How often do we hear that we should learn from projects already implemented? In the case of HS2 of course, HS1 comes to mind.
The patient and wise might suggest that it is still too early to be definitive. If the Paramount leisure park proceeds at Ebbsfleet, what currently looks a pretty dismal response to HS1 in regeneration terms might look rather different (as did Stratford before and after the decision to host the hugely successful 2012 Olympics there).
One clear lesson is to hand, however. We learned this key HS1 lesson from Jeremy Candfield – who has just retired after a distinguished career at DfT, then at Union Railways working on what became HS1, and then as head of the Railway Industry Association (RIA). When we asked Jeremy several years ago, when RIA was co-sponsoring Greengauge 21’s work on high-speed rail in Britain Fast Forward, if he believed there were any key lessons to be learned from the HS1 route planning process he said this:
“the important thing to do is to settle the fixed points – the ends of the route and the places where it connects with the existing railway. Then decisions about route alignment become much simpler”.
It is not clear that HS2 Ltd has followed this formula. Or perhaps it’s just that the planning process is subject to even more influences than was the case in the early 1990s when HS1’s route was settled. In any event, HS2’s connections to the existing railway are not yet settled.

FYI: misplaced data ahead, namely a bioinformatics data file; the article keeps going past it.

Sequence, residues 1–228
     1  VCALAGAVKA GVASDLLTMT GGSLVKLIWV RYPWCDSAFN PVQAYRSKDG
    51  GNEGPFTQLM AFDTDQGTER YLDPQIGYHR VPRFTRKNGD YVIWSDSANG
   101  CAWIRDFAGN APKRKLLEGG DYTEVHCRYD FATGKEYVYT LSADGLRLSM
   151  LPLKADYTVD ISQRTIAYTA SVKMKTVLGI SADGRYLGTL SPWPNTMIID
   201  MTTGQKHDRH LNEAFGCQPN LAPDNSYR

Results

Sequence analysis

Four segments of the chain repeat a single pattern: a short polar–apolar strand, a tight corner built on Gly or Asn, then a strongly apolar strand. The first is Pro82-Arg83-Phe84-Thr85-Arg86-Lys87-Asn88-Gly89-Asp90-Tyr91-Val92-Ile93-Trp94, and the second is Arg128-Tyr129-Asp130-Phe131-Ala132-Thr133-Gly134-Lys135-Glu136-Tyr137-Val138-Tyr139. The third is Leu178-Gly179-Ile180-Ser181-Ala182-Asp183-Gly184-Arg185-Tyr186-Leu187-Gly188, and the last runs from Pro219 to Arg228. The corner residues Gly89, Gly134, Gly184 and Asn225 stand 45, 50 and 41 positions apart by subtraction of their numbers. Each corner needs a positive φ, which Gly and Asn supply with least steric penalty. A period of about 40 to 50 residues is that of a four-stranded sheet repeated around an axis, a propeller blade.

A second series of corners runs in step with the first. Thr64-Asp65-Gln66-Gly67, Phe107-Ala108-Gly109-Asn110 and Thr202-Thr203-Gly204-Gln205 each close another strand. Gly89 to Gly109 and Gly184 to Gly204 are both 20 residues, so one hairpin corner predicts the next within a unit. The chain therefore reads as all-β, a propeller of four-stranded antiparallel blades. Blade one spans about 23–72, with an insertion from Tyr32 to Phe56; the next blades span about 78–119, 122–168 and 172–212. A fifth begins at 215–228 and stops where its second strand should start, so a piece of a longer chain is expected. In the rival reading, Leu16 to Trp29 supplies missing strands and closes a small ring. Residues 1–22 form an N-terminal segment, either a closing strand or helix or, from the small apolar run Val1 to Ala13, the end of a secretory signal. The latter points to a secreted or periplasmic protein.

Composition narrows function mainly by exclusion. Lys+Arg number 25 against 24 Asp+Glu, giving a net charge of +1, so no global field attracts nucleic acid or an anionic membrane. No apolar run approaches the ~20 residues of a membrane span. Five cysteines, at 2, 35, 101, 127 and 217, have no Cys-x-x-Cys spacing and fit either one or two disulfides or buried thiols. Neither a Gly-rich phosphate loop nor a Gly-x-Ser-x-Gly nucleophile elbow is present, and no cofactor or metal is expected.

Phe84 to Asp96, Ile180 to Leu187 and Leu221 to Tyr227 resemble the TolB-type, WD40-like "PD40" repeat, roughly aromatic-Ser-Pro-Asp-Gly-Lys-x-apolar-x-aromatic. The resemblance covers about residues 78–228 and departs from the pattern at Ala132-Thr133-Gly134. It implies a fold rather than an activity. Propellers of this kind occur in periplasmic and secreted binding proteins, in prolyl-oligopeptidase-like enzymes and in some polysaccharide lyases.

The recently published HS2 Phase 2 report came with a commitment to examine systematically the provision of connections to the ‘classic’ rail network during 2017. This is to be welcomed. Currently once trains have joined the HS2 route travelling south, for example, there are no onward connections to the classic network planned anywhere (although the possible provision of a north-side connection to access Sheffield Midland would be an exception).
While it would have been better to look at the question of connections with the existing rail network sooner, later is better than never.
Also attending Jeremy Candfield’s farewell reception was Stephen Joseph CBE, head of Campaign for Better Transport. He and CBT’s predecessor organisation, Transport 2000 also deserve some credit for the ultimate acceptance and success of the HS1 route alignment (no noise nuisance complaints in operation, and no environmentalists protesting at construction sites). With some foresight, T2000 commissioned work into this question, and the report, entitled “Right tracks to Europe” argued strongly for high-speed rail alignments to be built in existing transport corridors. In practice, this is what HS1 did – following the M20, M2 and A13 road corridors (as well as existing railway lines) where possible. And in some cases, the HS2 alignments – especially in Phase 2 – follow this approach.
Greengauge 21 has not engaged in questions of alignment choice in the past and doesn’t intend to start doing so now. But in our mind high-speed rail in Britain should not end with HS2, and we pass on these observations on key factors affecting route alignment choices for future developments.
And we wish Jeremy Candfield a very happy retirement.